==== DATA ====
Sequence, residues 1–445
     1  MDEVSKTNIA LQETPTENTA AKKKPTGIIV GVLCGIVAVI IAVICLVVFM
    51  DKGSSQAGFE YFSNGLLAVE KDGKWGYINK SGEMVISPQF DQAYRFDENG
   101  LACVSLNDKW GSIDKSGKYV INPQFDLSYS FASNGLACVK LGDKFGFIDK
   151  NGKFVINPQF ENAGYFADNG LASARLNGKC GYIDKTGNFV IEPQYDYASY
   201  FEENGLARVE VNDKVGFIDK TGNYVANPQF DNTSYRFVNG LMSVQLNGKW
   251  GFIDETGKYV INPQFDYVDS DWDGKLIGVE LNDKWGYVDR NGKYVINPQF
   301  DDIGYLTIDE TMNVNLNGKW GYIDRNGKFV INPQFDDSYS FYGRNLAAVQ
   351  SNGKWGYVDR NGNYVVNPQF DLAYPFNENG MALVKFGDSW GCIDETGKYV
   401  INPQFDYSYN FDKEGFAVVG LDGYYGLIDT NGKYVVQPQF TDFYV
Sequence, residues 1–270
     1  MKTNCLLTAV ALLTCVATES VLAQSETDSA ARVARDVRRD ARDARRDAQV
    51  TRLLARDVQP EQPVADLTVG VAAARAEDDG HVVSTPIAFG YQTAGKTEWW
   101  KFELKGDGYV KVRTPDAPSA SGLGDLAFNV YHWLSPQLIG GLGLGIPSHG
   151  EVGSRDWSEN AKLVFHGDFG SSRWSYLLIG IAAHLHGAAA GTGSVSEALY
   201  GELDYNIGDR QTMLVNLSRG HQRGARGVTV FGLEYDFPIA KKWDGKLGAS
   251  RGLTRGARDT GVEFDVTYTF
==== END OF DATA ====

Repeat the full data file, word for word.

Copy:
Sequence, residues 1–445
     1  MDEVSKTNIA LQETPTENTA AKKKPTGIIV GVLCGIVAVI IAVICLVVFM
    51  DKGSSQAGFE YFSNGLLAVE KDGKWGYINK SGEMVISPQF DQAYRFDENG
   101  LACVSLNDKW GSIDKSGKYV INPQFDLSYS FASNGLACVK LGDKFGFIDK
   151  NGKFVINPQF ENAGYFADNG LASARLNGKC GYIDKTGNFV IEPQYDYASY
   201  FEENGLARVE VNDKVGFIDK TGNYVANPQF DNTSYRFVNG LMSVQLNGKW
   251  GFIDETGKYV INPQFDYVDS DWDGKLIGVE LNDKWGYVDR NGKYVINPQF
   301  DDIGYLTIDE TMNVNLNGKW GYIDRNGKFV INPQFDDSYS FYGRNLAAVQ
   351  SNGKWGYVDR NGNYVVNPQF DLAYPFNENG MALVKFGDSW GCIDETGKYV
   401  INPQFDYSYN FDKEGFAVVG LDGYYGLIDT NGKYVVQPQF TDFYV
Sequence, residues 1–270
     1  MKTNCLLTAV ALLTCVATES VLAQSETDSA ARVARDVRRD ARDARRDAQV
    51  TRLLARDVQP EQPVADLTVG VAAARAEDDG HVVSTPIAFG YQTAGKTEWW
   101  KFELKGDGYV KVRTPDAPSA SGLGDLAFNV YHWLSPQLIG GLGLGIPSHG
   151  EVGSRDWSEN AKLVFHGDFG SSRWSYLLIG IAAHLHGAAA GTGSVSEALY
   201  GELDYNIGDR QTMLVNLSRG HQRGARGVTV FGLEYDFPIA KKWDGKLGAS
   251  RGLTRGARDT GVEFDVTYTF